Summary

Our Score

8/10

Pros

  • Smooth HD scrubbing and editing (64-bit version)
  • Comprehensive multi-layer editing
  • AVCHD DVD output

Cons

  • 64-bit version Windows 7 only
  • No support for 3D
  • Still compex for beginners

Review Price £61.60

Key Features: New 64-bit editing engine; Additional image enhancement filters; YouTube and Facebook video upload from Organiser; AVCHD DVD burning; Easy photo pan-and-scan effects

Manufacturer: Adobe

Video editing is one area which can potentially gain quite a bit from 64-bit computing. However, Adobe's consumer-oriented Premiere Elements has remained 32-bit, despite the company's professional-grade Premiere Pro switching over very successfully with the CS5 iteration, which hit the market more than a year ago. In the interim, CyberLink beat Adobe to the punch, with its PowerDirector 9 Ultra64. Now Adobe is catching up, with Premiere Elements 10 making the leap to 64-bit at long last.



A 32-bit operating system can address a maximum of 4GB of RAM, and in reality just half of that is available for applications most of the time. With a 64-bit operating system, terabytes of RAM can be addressed. If you're working with HD video, multiple high resolution frames need to be loaded into memory at a time, so they can be mixed and effects applied. So the more memory you can use, the more smoothly your video editing will be.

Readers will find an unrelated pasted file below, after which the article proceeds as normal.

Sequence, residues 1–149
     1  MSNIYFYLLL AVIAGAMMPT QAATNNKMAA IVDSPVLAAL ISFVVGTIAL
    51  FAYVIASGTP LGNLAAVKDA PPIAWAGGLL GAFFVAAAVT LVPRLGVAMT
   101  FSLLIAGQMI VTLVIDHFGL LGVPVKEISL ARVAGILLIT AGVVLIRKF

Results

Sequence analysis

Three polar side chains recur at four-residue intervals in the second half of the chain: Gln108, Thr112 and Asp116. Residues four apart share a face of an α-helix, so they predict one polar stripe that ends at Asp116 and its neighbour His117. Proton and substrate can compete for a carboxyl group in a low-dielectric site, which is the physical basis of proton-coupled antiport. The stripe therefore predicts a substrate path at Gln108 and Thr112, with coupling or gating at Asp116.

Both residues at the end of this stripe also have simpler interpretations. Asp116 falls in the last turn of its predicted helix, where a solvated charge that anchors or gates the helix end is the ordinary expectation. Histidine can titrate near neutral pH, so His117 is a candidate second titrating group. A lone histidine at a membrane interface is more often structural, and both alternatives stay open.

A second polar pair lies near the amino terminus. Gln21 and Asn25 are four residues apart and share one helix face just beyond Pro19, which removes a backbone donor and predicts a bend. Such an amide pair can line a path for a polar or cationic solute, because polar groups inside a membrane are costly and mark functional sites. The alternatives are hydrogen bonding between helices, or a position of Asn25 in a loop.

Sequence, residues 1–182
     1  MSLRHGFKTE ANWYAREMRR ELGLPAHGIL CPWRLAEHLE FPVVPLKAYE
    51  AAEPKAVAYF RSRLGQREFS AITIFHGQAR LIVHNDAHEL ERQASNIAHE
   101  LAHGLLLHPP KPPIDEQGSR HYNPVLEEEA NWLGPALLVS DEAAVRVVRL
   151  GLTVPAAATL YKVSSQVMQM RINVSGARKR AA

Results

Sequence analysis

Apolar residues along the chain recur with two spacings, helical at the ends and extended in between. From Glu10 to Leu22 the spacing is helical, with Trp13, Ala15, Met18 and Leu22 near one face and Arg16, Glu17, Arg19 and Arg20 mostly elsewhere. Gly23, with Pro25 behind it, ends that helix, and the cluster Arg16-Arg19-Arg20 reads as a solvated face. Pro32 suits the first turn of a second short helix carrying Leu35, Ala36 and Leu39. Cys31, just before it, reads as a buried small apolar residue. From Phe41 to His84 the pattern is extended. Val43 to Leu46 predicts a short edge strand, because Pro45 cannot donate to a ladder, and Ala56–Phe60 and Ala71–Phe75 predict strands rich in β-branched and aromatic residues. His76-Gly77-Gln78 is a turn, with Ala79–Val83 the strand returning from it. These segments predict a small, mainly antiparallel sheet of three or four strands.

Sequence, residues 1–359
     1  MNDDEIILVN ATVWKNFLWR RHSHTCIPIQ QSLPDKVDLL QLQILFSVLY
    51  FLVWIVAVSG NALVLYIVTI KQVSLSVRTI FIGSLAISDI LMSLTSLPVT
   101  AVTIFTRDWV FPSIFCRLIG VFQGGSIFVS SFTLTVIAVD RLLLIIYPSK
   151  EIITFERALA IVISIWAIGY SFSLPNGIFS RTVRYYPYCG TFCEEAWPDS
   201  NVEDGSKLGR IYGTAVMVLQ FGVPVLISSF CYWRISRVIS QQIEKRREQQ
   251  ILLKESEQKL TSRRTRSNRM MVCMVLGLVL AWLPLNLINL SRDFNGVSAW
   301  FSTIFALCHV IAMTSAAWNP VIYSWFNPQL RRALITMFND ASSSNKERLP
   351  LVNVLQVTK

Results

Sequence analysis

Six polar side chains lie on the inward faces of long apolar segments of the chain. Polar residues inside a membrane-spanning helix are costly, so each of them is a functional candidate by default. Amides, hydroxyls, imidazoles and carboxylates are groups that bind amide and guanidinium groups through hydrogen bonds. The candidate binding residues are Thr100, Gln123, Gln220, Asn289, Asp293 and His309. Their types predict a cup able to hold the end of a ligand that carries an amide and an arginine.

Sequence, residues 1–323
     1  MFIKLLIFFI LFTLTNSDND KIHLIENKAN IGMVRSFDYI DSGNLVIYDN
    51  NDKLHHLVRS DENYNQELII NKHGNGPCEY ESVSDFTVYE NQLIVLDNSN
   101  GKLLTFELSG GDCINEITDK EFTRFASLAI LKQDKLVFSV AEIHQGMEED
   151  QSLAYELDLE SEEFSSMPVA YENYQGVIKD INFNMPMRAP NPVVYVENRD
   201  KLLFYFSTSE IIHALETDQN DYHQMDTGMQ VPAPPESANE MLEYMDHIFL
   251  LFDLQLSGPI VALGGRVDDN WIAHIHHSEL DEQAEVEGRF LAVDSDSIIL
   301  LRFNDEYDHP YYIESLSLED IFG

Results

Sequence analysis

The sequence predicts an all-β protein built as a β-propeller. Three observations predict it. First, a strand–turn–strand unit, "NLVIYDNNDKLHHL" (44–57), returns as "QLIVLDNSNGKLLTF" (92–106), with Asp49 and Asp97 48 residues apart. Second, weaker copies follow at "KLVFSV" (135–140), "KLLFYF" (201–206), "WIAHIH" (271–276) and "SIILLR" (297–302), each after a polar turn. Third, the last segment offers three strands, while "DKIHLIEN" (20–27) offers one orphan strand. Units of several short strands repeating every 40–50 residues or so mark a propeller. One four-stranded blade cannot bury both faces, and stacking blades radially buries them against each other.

To test this facility, we loaded over an hour of HD footage onto the timeline, and although scrubbing and moving around the timeline wasn't exactly lag-free, it was decidedly usable - and much more so than the previous iteration. Similarly, we found most filters could be applied in real time, and fivex layers of AVCHD played as picture in picture. Our test rig was a reasonably sprightly 3GHz Intel Core 2 X9650 with 8GB of RAM. This is the most fundamental new capability of version 10 but unfortunately it's not available to all 64-bit users, and obviously not if you're running a 32-bit operating system. In fact, only Windows 7 is supported in 64-bit, with users of 64-bit Windows XP or Vista, or MacOS, forced to stick with the 32-bit engine.

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